Confidence restored but cyclical nature of business means breeders must beware inflated nomination fees more »
Updating the chart used in last year’s analysis of the bloodstock market would at a first glance give the impression of growth in all sectors of the market. The reality is rather different, as, with more horses sold for over £500,000, and over £200,000, the growth in these sectors account for more than the total increase in horses sold for over £100,000, with the number sold for between £100,000 and £200,000 dropping from 300 to 294.
To call this a flight to quality would give an equally misleading impression of market sentiment, but nevertheless what growth there has been has been increasingly concentrated at the top of the market where a small number of buyers chasing the same horses have pushed prices for a small number of horses to unprecedented levels.
Just as international demand for super-prime London property is not indicative of the market as a whole, nor is the demand for some two hundred yearlings fetching over £200,000, particularly at a time when the number of mares covered by stallions standing at over £50,000 is well in excess of a thousand.
The top end is not only a small proportion of the broader market but has decoupled from it
With the continuation of the upturn in the market in 2013, coupled with breeders enjoying (a term best used loosely) the lowest stallion fees in recent years as the 2011 covering season reflected the continuing reduction in yearling prices evidenced post the 2008 financial downturn, bottoming out in 2010, the recent sales season may well represent the peak of this cycle as far as breeders’ profitability is concerned. As stallion prices started to increase in 2012, lagging the 2011 upturn in yearling prices as one would expect, breeders are increasingly vulnerable to any drop in demand.
At the top of the market the average for the 200 most expensive yearlings sold in Europe reached £405,000, up 20% on 2012, and now 50% ahead of the 2011 figure. Given that the mean is so heavily influenced by two record-breaking yearlings, a more representative figure may be the median of the top 200, 500 and 1,000, and whereas this shows that to have purchased the 100th most expensive yearling in Europe would this year have cost £315,000, still over 20% above last year’s figure and just under 50% more than in 2011, the 250th by contrast cost £168,000, a rise of only 8.5% on 2012.
Comparisons with the 2007 peak show a similar trend, with the 100th most expensive yearling 36% more expensive than its 2007 counterpart, against the 250th costing only 7% more than in 2013. The result for the 500th shows almost no change on both last year’s figure, and that of 2007.
Two other particularly noteworthy features of the 2013 sales season was the attitude of vendors in Book 1 of Tattersalls’ October Sale. Not only did the number of yearlings registered as either not sold or vendor buy-backs increase, despite the reduction in the size of the catalogue, but the percentage of those unsold at over £100,000 increased from 32% of those failing to sell in 2012 to 42% in 2013, and the share of buybacks at £200,000 plus increased from 11% to 17%.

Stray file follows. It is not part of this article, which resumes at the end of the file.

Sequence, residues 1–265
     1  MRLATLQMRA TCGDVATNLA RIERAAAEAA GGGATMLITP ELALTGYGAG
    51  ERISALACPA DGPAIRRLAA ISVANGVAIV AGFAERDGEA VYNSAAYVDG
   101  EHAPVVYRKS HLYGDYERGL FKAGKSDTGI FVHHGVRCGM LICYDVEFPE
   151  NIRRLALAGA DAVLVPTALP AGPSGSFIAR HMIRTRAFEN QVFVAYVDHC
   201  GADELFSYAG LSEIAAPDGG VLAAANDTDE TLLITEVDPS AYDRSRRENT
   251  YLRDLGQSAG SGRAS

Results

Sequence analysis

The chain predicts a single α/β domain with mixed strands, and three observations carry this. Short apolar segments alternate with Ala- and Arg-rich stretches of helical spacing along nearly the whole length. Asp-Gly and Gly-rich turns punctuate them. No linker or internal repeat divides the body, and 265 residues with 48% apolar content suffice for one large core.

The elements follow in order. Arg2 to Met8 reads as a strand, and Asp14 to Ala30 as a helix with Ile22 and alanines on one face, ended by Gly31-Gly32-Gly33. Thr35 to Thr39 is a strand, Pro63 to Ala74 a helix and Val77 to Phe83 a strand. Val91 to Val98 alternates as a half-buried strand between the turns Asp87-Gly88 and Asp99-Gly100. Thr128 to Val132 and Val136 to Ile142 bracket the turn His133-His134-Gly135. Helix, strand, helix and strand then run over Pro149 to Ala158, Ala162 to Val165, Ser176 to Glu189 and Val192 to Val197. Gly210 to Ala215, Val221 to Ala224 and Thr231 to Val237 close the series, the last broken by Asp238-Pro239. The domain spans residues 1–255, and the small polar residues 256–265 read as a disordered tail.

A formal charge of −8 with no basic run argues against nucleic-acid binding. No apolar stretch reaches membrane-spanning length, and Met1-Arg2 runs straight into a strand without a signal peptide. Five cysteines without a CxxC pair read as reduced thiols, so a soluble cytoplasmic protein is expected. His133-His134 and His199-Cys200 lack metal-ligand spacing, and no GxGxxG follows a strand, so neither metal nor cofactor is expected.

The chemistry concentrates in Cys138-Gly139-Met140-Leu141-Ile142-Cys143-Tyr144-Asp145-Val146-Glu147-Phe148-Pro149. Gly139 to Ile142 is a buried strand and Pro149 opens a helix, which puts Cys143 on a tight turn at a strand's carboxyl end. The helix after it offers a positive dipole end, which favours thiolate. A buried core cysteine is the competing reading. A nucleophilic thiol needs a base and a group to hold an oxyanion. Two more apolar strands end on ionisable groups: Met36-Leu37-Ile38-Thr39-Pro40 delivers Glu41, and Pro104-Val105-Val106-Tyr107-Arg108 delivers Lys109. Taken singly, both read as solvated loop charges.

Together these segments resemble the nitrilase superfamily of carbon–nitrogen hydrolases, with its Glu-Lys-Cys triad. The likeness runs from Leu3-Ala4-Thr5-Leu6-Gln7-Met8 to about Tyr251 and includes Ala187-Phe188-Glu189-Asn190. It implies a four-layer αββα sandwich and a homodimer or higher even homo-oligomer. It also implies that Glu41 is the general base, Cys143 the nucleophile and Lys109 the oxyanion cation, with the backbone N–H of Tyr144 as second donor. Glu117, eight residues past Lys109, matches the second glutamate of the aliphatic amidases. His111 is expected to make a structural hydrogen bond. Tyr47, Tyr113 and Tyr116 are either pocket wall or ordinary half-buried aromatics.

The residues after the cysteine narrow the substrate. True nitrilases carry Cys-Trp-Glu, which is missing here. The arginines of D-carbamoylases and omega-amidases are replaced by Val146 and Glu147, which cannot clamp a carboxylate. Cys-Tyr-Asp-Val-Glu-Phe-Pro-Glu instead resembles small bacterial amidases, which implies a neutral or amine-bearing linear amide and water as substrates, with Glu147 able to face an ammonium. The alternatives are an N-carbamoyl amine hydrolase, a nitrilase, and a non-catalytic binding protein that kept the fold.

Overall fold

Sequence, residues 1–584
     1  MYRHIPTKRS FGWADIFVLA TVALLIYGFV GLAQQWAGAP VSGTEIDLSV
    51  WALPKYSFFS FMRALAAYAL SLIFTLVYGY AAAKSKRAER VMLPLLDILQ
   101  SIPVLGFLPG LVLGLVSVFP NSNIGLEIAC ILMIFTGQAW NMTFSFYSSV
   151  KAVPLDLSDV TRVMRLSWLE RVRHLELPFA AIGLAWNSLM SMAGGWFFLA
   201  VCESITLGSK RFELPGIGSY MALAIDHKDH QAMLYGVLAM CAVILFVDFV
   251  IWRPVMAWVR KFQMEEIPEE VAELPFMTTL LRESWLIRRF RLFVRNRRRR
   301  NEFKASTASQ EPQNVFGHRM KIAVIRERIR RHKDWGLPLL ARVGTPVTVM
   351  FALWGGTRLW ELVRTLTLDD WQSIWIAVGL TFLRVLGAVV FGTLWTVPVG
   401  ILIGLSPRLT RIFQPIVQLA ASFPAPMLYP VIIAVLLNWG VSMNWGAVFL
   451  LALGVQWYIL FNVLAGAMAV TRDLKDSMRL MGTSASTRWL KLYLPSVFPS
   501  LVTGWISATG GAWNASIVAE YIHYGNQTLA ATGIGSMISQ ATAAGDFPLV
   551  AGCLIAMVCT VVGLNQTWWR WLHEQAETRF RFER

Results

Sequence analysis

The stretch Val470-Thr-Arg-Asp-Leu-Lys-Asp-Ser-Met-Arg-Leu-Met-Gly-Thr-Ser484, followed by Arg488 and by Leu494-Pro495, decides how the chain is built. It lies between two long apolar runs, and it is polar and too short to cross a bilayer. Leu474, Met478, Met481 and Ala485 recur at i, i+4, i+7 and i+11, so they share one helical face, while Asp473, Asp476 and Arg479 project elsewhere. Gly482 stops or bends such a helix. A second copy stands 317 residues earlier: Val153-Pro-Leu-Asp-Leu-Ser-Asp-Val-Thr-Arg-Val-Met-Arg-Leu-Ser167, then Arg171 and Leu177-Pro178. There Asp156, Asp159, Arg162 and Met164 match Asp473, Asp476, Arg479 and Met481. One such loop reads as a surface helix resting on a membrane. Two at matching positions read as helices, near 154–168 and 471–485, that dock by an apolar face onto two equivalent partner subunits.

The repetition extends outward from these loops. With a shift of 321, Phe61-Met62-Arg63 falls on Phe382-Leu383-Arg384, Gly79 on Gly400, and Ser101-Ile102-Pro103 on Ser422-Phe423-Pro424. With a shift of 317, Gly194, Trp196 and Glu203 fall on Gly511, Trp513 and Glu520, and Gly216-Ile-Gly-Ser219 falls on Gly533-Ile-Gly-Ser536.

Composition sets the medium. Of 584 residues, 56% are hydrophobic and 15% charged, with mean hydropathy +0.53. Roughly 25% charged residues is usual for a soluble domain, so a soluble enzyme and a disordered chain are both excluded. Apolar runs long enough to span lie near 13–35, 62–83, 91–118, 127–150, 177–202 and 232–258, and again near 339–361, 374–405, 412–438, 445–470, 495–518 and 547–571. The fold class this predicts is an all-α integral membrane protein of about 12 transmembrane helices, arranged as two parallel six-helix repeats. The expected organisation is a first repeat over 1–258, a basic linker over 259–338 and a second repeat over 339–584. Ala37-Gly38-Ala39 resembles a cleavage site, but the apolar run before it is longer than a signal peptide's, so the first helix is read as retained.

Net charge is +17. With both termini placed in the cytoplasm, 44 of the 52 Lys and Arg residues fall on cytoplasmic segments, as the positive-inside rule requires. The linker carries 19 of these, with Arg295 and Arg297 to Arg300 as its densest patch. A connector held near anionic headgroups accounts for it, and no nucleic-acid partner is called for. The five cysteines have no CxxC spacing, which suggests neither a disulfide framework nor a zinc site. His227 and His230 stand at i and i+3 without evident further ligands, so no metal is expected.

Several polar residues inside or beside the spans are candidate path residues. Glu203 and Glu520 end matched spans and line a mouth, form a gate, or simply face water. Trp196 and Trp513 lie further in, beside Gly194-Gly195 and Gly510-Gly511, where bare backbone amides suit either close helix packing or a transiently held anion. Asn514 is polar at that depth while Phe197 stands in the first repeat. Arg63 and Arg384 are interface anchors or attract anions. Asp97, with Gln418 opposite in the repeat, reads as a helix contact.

This was not replicated in any other European yearling sale and by contrast in Book 1 of the Keeneland September Sale while horses failing to sell for over £100,000 ($160,000) represented 37% of all buy-backs, the £200,000 buy-back was a comparative rarity with 12 out of 875 catalogued against 19 out of 543 in Newmarket.
As well as increased buy-backs, vendors at Tattersalls have increasingly tended to follow the American trend of withdrawing horses where there was either little demand, or demand which vendors did not believe would match their expectations. This was particularly noticeable on the Thursday, when in the absence of Sheikh Joaan the buoyant conditions of the previous two days never looked like being replicated, and only 61% of horses catalogued were recorded as being sold, in contrast to 66% for the sale as a whole (itself some way down on the 72% achieved in 2012.) Overall withdrawals as a percentage of yearlings catalogued rose from 10.9% to 12.2%, but stood at over 14% on the sale’s final day.
In terms of market share, Tattersalls’ dominant position within Europe was confirmed, continuing to sell almost 60% of the top 1,000 yearlings by number, while Goffs/DBS increased both their numerical share (up from 16% to 21%) at the expense of Arqana, whose share dropped from 21% to 16%. Looking at market share by value, Goffs/DBS again benefitted, rising from 14% to 18%, at the expense of both Tattersalls (down from 66% to 63%) and Arqana (from 17.5% to 16.5%).
The recovery from the post 2008 slump is complete and no one can deny that confidence has been fully restored to the market. Whether the number of buy-backs in Book 1 is indicative of over-confidence in that particular segment of the market remains to be seen.
In a business as cyclical as bloodstock, with the financial consequences of fluctuations in sentiment made even more turbulent by the long lags between the cost of production being established and the returns in the market place being generated, the greatest danger facing breeders now is getting sucked into paying nomination prices inflated by the top end. This sector is not only a small proportion of the broader bloodstock market, but has decoupled from it.
Number of yearlings sold for more than…
£500,000 £200,000 £100,000
1997 8 69 212
1998 12 80 208
1999 12 78 249
2000 19 127 333
2001 14 109 265
2002 14 97 256
2003 21 115 325
2004 8 88 278
2005 10 139 384
2006 17 144 420
2007 19 146 492
2008 14 156 430
2009 12 123 408
2010 9 94 308
2011 12 111 387
2012 28 161 461
2013 30 198 492
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